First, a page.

Pearl-bordered Fritillaries, Boloria euphrosyne

These lovely butterflies are now on the wing and flying in sunshine. Their caterpillars need violet plants on which they feed, but the adults nectar on a variety of flowers, especially Bugle. They were close to extinction in Wyre in the early 1990s, but ongoing conservation management by Butterfly Conservation, the Forestry Commission and English Nature to open up sunny sheltered areas has halted their decline and resulted in increased numbers.

Pearl-bordered Fritillary on Bugle, Wyre Forest, 14 May 2018. Photo by Mick Farmer

Dark Green Fritillary, Argynnis aglaja

In recent years Dark Green Fritillary butterflies have started to breed in sunny open habitat in the Wyre Forest. The caterpillars feed on violets and the adults are on the wing from mid-June to mid-August. Care is needed to distinguish this butterfly from the slightly larger Silver-washed Fritillary.

Dark Green Fritillary female, Wyre Forest, 14 July 2017 ©Brett Westwood

Pearl-bordered Fritillary – Boloria euphrosyne

On sunny days in May Pearl-bordered Fritillaries may be seen flying in Wyre. They are often difficult to track as they fly so quickly like golden jewels above the ground vegetation, but Roger Plant was able to get this beautiful photo of a female when the sun went in and it had stopped for a rest.

Female Pearl-bordered Fritillary, Longdon, 13 May 2017 ©Roger Plant

Dark Green Fritillaries

It is good to know that Dark Green Fritillary butterflies are being recorded again this year in various parts of the forest. Their flight season is usually between the middle of June to the end of August. Thanks to Jon Cartwright who sent in these shots.

Dark Green Fritillary, Wyre Forest, 25 July 2015 ©Jon Cartwright

Dark Green Fritillary, Wyre Forest, 25 July 2015 ©Jon Cartwright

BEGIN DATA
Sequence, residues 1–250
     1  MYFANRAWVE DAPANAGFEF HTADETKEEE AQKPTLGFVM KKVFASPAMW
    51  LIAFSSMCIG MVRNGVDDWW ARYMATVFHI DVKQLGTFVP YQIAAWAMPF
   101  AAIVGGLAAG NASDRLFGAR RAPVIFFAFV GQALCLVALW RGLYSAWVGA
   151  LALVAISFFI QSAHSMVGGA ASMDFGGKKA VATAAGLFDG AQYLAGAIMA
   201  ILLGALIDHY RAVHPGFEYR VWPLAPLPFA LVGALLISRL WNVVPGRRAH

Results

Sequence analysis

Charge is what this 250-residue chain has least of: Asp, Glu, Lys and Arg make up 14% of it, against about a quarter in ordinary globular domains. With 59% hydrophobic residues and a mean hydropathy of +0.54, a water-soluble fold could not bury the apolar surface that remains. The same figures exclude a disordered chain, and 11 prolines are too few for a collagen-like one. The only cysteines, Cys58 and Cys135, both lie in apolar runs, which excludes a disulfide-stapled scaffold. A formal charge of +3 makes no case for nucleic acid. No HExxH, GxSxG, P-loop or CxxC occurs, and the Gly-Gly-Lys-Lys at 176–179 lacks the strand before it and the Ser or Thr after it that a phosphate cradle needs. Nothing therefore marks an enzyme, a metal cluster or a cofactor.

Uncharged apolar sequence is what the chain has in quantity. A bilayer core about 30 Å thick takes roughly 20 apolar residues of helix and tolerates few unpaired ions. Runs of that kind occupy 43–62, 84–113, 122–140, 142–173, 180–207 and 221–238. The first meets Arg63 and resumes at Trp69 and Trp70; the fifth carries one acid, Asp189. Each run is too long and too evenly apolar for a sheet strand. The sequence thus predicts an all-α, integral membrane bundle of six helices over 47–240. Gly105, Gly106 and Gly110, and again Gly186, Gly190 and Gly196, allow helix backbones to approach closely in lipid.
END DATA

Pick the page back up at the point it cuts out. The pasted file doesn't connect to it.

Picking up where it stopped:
Silver-washed Fritillary, Argynnis paphia

This large and beautiful butterfly is one of Wyre Forest’s treasures. It can be seen flying in the forest throughout July where it can be spotted feeding on bramble blossom or sipping honeydew up in the tree tops. The courtship flight, with the male looping around the female is a delight to watch. After mating the female lays her eggs on tree trunks above violet plants in shady woodland. After about a fortnight the tiny caterpillar emerges, eats its eggshell and then spins a small pad of silk on which it hibernates until the following spring when it descends to the ground to search for violets on which it feeds. Mick Farmer has sent in this lovely photograph of 2 pairing on bracken.

Silver-washed Fritillary pair, Coppice Gate, 18 July 2015 ©Mick Farmer

Silver-washed Fritillary (Argynnis paphia) caterpillar

After hibernation in a crack on the bark of a tree, the tiny Silver-washed Fritillary caterpillar descends to the ground in the spring and sets off to search for violet leaves on which it feeds. By June it has grown, moulted several times, and spends much time basking in shafts of sunlight as shown here. It will soon pupate and spend two to three weeks as a chrysalis before emerging in July to fly through Wyre woodland in orange splendour.

Silver-washed Fritillary caterpillar, New Parks, 5th June 2013